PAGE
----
The Bangladesh government is planning to settle many more thousands of plains people on the ancestral lands of indigenous peoples in the Chittagong Hill Tracts against the will of affected communities. This culturally and ecologically destructive proposal threatens to violate the fundamental rights of indigenous peoples and destroy valuable forest ecosystems, including the Kassalong forests.
Please take action to support the region's indigenous peoples and help protect their forests by expressing your concerns to the Prime Minister of Bangladesh. Please call on the government to cancel these unjust and destructive plans.
and a model letter are included below.
Threats to indigenous peoples and biodiversity in the Chittagong Hill Tracts
XXXXX [name of organisation] is writing to you to express its deep concern after receiving reports that your government plans to settle large numbers of non-indigenous families in the Chittagong Hill Tracts.
According to the information available to us at this time, we understand that the government of Bangladesh is planning to settle somewhere between 28,000 and 65,000 non-indigenous families in the Hill Tracts region of the country. Such plans threaten to undermine the cultural integrity of the indigenous peoples that inhabit the area and make them a minority in their own region. The same top-down plans risk causing serious adverse impacts on the upland forest ecosystems that sustain local traditional livelihoods and harbour a rich biodiversity e.g., the Kassalong forests.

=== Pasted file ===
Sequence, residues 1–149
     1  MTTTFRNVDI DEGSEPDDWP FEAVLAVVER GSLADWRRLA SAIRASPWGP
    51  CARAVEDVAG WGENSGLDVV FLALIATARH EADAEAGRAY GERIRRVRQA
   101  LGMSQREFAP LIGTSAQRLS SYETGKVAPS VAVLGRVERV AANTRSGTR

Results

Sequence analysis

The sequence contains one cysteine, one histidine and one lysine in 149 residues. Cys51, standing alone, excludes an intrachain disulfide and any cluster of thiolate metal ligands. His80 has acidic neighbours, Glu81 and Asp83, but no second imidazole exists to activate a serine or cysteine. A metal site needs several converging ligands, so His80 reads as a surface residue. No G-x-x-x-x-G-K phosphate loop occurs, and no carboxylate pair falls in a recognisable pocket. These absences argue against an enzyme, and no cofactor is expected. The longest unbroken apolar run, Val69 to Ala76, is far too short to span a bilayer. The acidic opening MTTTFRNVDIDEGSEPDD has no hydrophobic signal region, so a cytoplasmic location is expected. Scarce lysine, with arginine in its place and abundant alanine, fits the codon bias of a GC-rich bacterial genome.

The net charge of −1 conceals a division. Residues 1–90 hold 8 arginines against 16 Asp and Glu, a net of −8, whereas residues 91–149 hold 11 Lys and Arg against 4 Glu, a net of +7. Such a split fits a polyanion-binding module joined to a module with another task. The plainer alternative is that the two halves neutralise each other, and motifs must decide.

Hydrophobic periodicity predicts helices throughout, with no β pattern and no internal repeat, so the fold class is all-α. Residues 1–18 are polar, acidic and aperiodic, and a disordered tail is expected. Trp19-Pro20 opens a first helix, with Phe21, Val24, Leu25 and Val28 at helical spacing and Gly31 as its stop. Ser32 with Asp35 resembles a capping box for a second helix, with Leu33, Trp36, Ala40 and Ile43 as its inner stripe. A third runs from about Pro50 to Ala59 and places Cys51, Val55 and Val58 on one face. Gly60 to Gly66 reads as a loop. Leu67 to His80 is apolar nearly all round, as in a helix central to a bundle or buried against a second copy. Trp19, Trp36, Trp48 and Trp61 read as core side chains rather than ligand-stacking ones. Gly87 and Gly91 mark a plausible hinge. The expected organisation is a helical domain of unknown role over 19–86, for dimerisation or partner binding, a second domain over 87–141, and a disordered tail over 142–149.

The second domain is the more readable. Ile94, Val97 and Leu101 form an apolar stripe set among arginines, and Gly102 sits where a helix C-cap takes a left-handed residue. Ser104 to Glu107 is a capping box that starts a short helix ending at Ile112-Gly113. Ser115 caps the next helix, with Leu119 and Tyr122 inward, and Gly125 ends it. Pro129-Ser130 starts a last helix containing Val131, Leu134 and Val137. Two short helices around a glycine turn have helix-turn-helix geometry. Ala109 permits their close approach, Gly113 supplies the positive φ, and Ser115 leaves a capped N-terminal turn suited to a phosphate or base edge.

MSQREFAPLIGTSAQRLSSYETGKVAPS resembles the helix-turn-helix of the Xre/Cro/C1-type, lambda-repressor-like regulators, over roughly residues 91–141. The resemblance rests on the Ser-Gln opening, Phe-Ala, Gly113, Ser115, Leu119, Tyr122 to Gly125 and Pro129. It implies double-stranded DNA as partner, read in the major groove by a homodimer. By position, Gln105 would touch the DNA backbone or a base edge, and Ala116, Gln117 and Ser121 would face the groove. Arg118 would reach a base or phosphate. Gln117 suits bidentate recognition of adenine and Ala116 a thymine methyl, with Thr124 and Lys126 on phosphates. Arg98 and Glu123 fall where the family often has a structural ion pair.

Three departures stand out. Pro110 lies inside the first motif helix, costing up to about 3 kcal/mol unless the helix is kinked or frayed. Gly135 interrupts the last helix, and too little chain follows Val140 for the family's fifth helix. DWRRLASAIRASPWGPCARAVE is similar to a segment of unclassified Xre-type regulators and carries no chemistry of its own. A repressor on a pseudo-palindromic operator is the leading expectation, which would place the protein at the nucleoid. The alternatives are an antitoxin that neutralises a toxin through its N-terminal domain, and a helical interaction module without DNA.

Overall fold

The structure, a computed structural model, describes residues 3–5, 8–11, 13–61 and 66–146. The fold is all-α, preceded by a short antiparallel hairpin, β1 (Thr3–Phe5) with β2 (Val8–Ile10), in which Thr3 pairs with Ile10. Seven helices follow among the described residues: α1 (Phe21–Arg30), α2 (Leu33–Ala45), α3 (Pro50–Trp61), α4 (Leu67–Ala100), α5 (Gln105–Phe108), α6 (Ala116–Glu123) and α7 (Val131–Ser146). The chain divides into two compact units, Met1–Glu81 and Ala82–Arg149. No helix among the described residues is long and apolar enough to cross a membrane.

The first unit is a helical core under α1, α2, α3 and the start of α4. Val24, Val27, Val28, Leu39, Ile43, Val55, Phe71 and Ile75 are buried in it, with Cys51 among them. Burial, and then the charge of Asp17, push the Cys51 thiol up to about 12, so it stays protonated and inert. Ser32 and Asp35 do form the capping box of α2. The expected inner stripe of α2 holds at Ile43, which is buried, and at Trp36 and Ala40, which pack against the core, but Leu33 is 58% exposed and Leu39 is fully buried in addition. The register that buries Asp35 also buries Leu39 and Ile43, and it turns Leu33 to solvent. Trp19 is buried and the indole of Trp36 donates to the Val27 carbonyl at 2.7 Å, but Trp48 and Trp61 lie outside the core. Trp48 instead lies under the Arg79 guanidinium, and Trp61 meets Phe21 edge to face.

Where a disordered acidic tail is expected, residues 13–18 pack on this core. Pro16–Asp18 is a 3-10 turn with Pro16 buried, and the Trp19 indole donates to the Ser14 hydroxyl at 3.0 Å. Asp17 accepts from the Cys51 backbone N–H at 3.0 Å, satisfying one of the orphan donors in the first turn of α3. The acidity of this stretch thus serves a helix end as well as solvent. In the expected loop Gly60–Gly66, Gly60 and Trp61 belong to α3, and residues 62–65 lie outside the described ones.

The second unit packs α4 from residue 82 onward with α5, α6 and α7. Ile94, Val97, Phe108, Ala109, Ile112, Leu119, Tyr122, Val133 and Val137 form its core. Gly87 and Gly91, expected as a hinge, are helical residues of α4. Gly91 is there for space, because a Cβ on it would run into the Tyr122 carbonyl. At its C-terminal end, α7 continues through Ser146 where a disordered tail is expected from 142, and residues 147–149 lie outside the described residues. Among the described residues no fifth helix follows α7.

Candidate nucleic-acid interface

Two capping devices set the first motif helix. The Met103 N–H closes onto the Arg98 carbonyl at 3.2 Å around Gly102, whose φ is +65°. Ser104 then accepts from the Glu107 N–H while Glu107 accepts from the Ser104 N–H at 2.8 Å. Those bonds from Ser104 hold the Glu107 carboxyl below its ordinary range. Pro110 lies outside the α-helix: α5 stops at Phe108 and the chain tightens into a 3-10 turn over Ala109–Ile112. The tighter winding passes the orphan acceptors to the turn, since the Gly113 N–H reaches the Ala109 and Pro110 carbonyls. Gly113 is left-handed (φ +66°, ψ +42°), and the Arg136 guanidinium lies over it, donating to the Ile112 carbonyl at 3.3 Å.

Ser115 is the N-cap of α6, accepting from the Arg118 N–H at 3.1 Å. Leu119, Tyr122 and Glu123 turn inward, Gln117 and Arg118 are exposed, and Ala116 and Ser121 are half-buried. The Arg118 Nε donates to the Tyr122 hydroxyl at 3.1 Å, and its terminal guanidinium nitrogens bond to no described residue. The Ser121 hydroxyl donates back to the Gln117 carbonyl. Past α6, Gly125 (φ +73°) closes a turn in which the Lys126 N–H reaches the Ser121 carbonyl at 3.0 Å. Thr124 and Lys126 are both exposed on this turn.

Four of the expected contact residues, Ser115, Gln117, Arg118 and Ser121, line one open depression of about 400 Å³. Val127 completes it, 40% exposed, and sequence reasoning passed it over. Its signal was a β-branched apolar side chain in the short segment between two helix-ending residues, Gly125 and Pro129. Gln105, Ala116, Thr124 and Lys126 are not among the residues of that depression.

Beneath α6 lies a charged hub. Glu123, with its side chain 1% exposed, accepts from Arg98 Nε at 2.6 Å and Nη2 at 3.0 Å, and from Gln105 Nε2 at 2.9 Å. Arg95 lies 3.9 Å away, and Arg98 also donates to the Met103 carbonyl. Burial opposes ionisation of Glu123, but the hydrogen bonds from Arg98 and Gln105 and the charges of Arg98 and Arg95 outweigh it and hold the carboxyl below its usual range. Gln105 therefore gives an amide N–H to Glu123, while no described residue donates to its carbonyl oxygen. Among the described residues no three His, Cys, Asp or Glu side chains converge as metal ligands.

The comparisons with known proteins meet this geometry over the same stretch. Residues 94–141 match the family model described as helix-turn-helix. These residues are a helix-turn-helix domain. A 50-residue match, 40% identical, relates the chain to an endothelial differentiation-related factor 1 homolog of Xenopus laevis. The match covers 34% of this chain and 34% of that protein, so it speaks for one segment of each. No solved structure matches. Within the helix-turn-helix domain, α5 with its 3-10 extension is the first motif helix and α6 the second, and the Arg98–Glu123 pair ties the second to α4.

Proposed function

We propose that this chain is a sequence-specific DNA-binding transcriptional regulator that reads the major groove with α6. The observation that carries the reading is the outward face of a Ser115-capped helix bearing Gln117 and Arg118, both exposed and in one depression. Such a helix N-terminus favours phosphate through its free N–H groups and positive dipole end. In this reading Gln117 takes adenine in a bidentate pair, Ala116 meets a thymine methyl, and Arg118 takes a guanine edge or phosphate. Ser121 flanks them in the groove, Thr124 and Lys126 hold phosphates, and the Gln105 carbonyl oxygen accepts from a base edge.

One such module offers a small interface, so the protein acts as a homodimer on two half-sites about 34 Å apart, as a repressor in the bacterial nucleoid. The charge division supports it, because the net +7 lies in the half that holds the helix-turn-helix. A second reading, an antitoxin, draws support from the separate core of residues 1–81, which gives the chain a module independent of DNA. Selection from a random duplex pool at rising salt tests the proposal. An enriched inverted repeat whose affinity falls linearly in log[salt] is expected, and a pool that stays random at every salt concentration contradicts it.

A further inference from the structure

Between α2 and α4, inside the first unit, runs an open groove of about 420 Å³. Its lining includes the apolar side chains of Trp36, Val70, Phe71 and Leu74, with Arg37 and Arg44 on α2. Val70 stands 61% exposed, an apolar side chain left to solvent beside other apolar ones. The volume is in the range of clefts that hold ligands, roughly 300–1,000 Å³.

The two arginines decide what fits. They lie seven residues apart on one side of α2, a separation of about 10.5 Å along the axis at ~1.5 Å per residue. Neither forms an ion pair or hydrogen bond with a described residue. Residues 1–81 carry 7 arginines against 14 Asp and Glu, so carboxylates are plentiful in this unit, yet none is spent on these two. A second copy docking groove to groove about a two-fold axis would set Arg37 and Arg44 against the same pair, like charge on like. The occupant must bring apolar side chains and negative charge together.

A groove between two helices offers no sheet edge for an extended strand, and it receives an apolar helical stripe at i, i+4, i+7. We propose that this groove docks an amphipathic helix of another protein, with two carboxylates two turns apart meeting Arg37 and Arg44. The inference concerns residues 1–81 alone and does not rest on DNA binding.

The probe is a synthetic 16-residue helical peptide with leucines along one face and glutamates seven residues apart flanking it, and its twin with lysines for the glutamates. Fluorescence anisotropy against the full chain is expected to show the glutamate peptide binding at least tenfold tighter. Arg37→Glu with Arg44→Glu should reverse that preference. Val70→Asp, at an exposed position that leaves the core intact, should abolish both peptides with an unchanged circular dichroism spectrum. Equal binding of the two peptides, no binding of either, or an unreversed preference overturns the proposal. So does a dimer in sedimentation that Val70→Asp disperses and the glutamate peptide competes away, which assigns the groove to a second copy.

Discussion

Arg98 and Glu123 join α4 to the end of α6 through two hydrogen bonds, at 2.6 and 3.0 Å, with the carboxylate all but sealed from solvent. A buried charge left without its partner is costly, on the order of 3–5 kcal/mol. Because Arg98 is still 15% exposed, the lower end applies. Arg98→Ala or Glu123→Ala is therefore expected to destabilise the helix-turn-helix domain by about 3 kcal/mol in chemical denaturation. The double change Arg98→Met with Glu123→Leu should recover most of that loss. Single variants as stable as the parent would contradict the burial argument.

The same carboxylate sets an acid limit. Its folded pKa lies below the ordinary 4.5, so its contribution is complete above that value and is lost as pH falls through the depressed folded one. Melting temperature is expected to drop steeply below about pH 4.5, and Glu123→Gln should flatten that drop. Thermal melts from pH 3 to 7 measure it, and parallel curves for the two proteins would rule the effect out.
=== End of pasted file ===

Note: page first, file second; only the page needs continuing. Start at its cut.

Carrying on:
We urge your government to cancel this controversial settlement plan indefinitely. This request is made because the plan is opposed by the indigenous communities in the region and is contrary to the 1997 CHT Peace Accord, which acknowledges the need to protect the special cultural and ecological character of the upland zone that constitutes an indigenous-tribal area. The plan also contravenes Article 52 of the Chittagong Hill Tracts 1900 Regulation.
Mr. Prime Minister, we call on you personally to take immediate steps to ensure that the aforementioned settlement programme is annulled. Such cancellation will demonstrate the commitment of your government to implement the CHT Accord and relevant national and international obligations, such as those under ratified by the Government of Bangladesh under the Convention on Biological Diversity.
We look forward to learning of your positive response to the issues we have raised in this letter.
cc: Deputy Minister, Ministry of CHT Affairs
Send your letters to: